Some of the views expressed in the following notes on newly approved products should be regarded as preliminary, as there may have been limited published data at the time of publication, and little experience in Australia of their safety or efficacy. However, the Editorial Executive Committee believes that comments made in good faith at an early stage may still be of value. Before new drugs are prescribed, the Committee believes it is important that more detailed information is obtained from the manufacturer's approved product information, a drug information centre or some other appropriate source.
Esmeron (Organon Teknika)
10 mg/mL in 5 mL and 10 mL ampoules
Indication: muscle relaxation
Rocuronium competes for nicotinic cholinergic receptors at the motor endplate. The effect of this nondepolarising neuromuscular blocker is rapid, with a general paralysis occurring within two minutes of an intravenous injection.
This enables rocuronium to be used for intubation and to facilitate mechanical ventilation. The clinical effect of rocuronium lasts for 30-40 minutes. As the drug is excreted in the bile and urine, the dose should be reduced in patients with significant hepatobiliary or renal disease. The response in children under one year old may be unpredictable. There are no data on children under one month or adults over 80 years old.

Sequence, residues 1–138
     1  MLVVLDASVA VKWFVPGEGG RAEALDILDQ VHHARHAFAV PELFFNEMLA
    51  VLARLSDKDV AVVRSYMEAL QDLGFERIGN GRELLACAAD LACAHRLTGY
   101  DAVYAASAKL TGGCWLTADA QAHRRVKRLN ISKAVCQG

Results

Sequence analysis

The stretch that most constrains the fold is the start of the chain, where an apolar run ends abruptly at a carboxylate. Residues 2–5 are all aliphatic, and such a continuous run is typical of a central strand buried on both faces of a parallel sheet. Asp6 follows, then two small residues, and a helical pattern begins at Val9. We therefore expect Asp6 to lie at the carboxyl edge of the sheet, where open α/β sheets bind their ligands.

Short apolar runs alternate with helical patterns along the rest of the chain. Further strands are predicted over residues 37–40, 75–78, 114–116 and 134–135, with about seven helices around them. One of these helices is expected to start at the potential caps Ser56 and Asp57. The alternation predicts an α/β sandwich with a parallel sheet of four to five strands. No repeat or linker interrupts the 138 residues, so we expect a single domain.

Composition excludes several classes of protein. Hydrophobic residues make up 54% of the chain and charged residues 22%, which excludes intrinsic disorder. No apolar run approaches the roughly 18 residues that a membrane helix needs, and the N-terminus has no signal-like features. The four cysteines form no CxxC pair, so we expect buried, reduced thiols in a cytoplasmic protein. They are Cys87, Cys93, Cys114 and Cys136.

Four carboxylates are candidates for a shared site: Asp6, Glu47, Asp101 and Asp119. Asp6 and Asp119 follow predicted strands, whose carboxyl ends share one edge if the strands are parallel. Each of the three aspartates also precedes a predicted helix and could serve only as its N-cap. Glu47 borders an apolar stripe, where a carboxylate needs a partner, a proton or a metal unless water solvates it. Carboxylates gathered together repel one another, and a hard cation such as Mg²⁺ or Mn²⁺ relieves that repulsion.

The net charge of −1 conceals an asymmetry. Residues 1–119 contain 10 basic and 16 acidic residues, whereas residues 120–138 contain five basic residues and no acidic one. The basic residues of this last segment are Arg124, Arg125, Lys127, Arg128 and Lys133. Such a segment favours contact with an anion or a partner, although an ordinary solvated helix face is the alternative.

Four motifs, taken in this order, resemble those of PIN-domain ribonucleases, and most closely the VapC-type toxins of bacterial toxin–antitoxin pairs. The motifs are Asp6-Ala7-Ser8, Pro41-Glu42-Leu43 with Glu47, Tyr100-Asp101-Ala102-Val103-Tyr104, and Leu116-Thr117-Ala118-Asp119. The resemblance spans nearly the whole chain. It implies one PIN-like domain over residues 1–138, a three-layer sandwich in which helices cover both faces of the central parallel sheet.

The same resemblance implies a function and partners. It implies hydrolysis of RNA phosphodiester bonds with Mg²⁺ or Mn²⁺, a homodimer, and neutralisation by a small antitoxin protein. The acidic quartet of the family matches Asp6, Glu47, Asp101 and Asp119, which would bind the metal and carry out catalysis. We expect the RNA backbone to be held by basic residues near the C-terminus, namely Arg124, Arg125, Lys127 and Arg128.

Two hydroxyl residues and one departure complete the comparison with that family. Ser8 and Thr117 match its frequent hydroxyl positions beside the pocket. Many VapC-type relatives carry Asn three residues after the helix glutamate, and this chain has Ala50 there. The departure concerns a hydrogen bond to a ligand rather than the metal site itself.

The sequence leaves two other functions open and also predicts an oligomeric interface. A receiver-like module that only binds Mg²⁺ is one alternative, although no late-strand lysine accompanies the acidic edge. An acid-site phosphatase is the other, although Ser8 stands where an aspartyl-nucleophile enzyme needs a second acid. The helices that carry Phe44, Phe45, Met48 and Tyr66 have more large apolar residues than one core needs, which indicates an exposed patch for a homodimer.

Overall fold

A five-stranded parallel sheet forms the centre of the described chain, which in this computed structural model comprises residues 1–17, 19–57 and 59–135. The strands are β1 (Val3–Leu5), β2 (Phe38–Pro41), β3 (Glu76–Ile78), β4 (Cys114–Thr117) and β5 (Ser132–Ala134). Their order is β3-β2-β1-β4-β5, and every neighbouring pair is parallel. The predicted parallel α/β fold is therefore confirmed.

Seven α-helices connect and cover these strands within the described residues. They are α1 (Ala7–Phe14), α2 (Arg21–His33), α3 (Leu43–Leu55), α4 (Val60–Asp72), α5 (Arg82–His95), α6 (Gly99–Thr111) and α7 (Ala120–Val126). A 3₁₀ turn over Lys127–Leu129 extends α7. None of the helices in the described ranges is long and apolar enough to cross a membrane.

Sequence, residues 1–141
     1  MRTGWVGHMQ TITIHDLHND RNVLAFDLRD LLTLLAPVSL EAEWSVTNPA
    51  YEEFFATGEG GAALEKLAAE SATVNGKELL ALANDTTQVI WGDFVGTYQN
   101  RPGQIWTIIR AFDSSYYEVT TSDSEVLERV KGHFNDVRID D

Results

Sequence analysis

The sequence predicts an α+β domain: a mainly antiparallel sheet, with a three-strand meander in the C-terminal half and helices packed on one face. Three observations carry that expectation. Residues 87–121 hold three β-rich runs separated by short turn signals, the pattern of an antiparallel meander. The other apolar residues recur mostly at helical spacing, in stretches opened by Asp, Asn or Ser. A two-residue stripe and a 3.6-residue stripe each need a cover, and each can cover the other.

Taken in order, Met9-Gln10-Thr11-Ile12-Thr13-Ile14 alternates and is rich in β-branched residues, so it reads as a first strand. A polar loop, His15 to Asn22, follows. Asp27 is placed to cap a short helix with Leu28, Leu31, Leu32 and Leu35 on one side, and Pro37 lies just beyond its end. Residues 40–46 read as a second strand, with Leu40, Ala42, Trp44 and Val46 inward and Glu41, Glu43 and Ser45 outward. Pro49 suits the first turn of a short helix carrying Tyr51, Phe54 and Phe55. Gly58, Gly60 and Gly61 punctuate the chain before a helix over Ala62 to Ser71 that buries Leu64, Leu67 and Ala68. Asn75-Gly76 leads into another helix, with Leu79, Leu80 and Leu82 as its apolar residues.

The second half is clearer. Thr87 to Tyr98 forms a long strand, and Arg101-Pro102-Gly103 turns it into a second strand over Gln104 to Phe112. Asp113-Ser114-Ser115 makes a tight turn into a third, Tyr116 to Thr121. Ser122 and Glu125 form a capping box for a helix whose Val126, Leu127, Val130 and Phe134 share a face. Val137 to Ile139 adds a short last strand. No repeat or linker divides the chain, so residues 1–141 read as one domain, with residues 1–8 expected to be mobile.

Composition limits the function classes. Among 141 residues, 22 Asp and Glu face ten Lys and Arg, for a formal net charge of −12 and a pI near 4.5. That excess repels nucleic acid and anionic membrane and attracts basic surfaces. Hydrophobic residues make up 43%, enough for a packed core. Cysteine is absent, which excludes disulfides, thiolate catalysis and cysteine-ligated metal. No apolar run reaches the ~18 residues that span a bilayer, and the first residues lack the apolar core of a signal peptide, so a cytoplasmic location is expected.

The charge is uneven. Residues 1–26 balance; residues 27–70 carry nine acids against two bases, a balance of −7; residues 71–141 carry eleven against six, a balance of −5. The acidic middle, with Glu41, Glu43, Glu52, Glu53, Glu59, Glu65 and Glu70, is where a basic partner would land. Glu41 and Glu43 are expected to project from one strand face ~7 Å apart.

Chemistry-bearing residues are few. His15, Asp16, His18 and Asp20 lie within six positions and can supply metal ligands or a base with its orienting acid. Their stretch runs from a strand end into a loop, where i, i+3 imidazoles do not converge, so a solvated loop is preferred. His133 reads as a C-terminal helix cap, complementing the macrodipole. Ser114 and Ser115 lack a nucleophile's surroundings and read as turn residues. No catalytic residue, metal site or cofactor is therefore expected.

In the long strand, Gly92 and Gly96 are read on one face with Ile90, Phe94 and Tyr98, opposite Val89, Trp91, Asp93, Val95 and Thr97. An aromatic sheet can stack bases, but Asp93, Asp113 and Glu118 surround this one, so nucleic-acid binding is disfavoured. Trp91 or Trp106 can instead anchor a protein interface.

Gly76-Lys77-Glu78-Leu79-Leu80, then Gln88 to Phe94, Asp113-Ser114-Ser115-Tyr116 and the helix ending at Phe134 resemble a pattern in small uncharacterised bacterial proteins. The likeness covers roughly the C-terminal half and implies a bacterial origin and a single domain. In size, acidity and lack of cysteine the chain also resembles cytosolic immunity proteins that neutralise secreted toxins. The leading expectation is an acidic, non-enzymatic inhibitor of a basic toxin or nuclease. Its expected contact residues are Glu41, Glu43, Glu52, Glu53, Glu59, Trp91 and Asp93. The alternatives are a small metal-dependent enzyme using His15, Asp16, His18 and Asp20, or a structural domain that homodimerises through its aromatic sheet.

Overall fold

Neuromuscular blocking agents can cause the release of histamine, but no significant reactions have yet been reported with rocuronium. Interactions may be anticipated with several drugs including aminoglycosides, diuretics, beta blockers, monoamineoxidase inhibitors, and other anaesthetics such as halothane.
Rocuronium adds to the anaesthetist's choice of drugs for intubation. Rocuronium should not cause the hyperkalaemia, malignant hyperthermia or raised intraocular pressure seen with the depolarising drug suxamethonium. However, suxamethonium has a faster onset, shorter action and a faster spontaneous recovery.